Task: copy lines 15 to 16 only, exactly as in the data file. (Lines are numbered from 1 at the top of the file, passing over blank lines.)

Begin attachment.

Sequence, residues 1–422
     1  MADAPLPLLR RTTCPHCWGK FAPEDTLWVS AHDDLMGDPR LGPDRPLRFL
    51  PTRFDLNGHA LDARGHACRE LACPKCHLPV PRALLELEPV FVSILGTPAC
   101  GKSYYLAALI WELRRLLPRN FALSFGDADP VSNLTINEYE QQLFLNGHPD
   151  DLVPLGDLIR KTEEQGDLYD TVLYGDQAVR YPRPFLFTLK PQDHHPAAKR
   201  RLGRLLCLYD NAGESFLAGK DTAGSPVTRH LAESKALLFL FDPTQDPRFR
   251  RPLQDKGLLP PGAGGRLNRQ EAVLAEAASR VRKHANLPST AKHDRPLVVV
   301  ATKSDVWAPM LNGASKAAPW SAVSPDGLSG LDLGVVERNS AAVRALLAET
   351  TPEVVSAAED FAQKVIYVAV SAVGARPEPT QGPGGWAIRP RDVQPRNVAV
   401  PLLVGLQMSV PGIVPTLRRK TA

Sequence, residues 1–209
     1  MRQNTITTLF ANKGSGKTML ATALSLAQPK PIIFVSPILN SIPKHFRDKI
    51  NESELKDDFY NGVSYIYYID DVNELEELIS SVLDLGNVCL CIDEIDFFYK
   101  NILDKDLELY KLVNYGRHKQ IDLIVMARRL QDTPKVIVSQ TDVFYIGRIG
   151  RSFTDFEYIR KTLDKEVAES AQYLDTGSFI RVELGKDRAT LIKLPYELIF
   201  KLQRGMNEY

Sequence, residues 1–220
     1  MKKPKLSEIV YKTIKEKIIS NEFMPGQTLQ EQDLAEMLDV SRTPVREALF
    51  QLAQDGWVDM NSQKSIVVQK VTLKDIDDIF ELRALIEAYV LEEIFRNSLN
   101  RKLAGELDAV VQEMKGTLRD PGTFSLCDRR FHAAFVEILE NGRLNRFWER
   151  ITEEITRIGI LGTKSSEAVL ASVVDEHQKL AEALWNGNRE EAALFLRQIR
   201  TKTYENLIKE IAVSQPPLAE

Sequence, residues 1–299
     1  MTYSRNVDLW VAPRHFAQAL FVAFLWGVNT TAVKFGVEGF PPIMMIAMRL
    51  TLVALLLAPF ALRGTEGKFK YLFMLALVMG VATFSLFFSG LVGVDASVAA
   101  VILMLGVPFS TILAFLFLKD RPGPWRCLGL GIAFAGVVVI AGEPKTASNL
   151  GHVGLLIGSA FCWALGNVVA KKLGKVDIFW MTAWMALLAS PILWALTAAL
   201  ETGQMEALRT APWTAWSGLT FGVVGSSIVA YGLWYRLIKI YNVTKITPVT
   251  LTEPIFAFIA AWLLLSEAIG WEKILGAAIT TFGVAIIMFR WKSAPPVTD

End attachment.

   151  RSFTDFEYIR KTLDKEVAES AQYLDTGSFI RVELGKDRAT LIKLPYELIF
   201  KLQRGMNEY